Transplant and Addiction Project (TAP) - 1

The recruitment status of this study is unknown because the information has not been verified recently.
Verified October 2005 by National Institute on Drug Abuse (NIDA).
Recruitment status was  Recruiting
Information provided by:
National Institute on Drug Abuse (NIDA) Identifier:
First received: November 3, 2005
Last updated: NA
Last verified: October 2005
History: No changes posted

The purpose of this study is to test a novel distance-based (telephone) intervention to help transplant candidates with current or recent substance abuse to stay "clean and sober" both prior and following transplant surgery.

Condition Intervention Phase
End Stage Liver Disease
End Stage Renal Disease
Substance-Related Disorders
Behavioral: Transplant and Addiction Program
Phase 1
Phase 2

Study Type: Interventional
Study Design: Allocation: Randomized
Endpoint Classification: Safety/Efficacy Study
Intervention Model: Parallel Assignment
Masking: Open Label
Primary Purpose: Treatment
Official Title: Drug Treatment for Transplant Candidates

Resource links provided by NLM:

Further study details as provided by National Institute on Drug Abuse (NIDA):

Primary Outcome Measures:
  • Abstinence
  • improved behavioral health
  • morbidity and mortality
  • being listed for and receiving transplant

Secondary Outcome Measures:
  • Therapeutic alliance
  • acceptance of intervention

Estimated Enrollment: 0
Study Start Date: September 2003
Detailed Description:

Participants who need a liver or renal transplant and who are ineligible due to current or recent (past 6 months) alcohol and/or other drug abuse are being recruited from the transplant programs at St. Luke's-Roosevelt Hospital Center (renal), Columbia Presbyterian Hospital (renal/liver) and Virginia Commonwealth University Medical Center (liver). Baseline and follow-up computer-assisted assessments and structured clinical interviews along with collection of biological samples (urine, hair) will occur in the transplant clinics; however, phone counseling sessions originate at St. Luke's. Participants are randomly assigned to one of two treatments: (1) usual care (no phone counseling) or (2) usual care + counseling. The telephone counseling sessions are designed to help participants become motivated to remain abstinent and improve other health behaviors such as sleep or stress management.


Ages Eligible for Study:   18 Years and older
Genders Eligible for Study:   Both
Accepts Healthy Volunteers:   No

Inclusion Criteria:

  • End stage liver or renal disease
  • Having used drugs or alcohol during the past 6 months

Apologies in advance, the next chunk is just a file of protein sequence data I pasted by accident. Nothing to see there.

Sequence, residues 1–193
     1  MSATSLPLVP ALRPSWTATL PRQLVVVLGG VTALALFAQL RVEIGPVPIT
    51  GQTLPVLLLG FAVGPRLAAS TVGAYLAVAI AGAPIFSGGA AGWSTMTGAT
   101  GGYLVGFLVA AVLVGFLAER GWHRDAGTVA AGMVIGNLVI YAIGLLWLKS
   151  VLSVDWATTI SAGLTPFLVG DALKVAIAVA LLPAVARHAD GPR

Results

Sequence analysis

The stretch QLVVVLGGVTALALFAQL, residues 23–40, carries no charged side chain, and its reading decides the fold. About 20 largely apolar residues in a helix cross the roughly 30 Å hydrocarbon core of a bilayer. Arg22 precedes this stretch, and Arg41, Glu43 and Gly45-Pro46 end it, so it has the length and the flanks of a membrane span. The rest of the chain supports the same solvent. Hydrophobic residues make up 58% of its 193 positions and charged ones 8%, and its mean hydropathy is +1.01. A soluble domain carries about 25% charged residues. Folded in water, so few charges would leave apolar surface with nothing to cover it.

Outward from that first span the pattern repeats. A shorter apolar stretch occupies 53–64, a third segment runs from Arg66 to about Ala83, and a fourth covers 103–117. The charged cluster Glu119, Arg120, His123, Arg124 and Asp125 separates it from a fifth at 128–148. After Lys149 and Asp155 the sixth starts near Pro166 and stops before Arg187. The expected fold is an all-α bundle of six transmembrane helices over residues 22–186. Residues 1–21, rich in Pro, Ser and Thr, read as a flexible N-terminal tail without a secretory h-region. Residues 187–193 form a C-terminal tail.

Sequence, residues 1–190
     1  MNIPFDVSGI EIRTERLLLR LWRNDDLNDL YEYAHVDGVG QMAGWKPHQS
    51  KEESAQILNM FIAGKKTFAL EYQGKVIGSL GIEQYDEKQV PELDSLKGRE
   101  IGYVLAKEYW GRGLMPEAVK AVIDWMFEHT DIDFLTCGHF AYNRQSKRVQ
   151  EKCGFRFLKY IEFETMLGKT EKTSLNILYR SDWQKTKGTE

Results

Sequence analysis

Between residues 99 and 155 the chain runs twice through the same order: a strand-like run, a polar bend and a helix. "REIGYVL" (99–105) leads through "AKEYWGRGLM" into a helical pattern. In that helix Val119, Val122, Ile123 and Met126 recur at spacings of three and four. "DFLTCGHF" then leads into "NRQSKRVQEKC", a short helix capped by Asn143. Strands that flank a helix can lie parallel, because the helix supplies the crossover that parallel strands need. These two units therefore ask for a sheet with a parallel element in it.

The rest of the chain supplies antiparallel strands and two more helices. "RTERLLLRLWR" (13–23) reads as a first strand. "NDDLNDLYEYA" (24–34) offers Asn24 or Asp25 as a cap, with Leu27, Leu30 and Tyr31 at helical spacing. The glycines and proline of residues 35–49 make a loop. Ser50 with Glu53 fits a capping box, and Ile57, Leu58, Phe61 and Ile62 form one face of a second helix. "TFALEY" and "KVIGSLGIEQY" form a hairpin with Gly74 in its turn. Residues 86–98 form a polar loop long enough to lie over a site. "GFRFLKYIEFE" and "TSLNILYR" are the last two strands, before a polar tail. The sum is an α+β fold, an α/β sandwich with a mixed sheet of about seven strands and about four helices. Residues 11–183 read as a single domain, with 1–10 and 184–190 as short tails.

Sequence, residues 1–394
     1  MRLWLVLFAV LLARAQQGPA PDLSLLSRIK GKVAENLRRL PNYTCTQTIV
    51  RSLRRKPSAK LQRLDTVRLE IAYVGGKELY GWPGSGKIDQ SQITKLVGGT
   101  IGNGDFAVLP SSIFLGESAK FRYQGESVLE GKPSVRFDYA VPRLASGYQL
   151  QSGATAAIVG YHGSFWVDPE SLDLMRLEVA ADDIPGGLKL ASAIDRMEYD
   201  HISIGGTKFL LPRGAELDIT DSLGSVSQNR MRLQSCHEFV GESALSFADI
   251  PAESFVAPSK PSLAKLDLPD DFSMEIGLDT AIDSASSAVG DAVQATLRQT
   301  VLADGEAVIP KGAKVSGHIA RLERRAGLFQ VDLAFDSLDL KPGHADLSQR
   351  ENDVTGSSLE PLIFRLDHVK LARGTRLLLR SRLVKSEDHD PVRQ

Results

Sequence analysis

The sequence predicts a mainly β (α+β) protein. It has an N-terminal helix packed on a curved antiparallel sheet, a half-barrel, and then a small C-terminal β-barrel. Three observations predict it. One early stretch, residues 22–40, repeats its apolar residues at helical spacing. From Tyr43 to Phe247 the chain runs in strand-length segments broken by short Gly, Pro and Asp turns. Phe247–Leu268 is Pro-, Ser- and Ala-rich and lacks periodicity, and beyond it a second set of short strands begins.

• Turned down for transplant due to current or recent substance use
  • Access to telephone

Exclusion Criteria:

  • Psychotic or other unstable serious psychiatric disorders that preclude full, active participation
  • Moderate to severe hepatic encephalopathy
  • Non-English speaking
  Contacts and Locations
Please refer to this study by its identifier: NCT00249652

Contact: Michelle C Acosta, Ph.D. (212)523-6977

United States, New York
Behavioral Science Research Unit Recruiting
New York, New York, United States, 10025
Contact: Vanessa Constantine, M.A.    212-523-5232   
Renal & Islet Transplant, Center for Liver Disease Recruiting
New York, New York, United States, 10032
Contact: Vanessa Constantine, M.A.    212-523-5232   
United States, Virginia
Liver Transplant Program Recruiting
Richmond, Virginia, United States, 23298
Contact: Vanessa Constantine, M.A.    212-523-5232   
Sponsors and Collaborators
Principal Investigator: Deborah Haller St. Luke's Roosevelt Hosp Cntr (New York)
  More Information

Additional Information:
Wagner, C., Haller, D.L., and Olbrisch, M.E. (1996). Journal of Clinical Psychology in Medical Settings, 3, 387-98. Identifier: NCT00249652     History of Changes
Other Study ID Numbers: NIDA-15772-1, R01-15772-1
Study First Received: November 3, 2005
Last Updated: November 3, 2005
Health Authority: United States: Federal Government

Additional relevant MeSH terms:
Kidney Diseases
Kidney Failure, Chronic
Liver Diseases
Substance-Related Disorders
End Stage Liver Disease
Urologic Diseases
Renal Insufficiency, Chronic
Renal Insufficiency
Digestive System Diseases
Mental Disorders
Liver Failure
Hepatic Insufficiency processed this record on April 17, 2014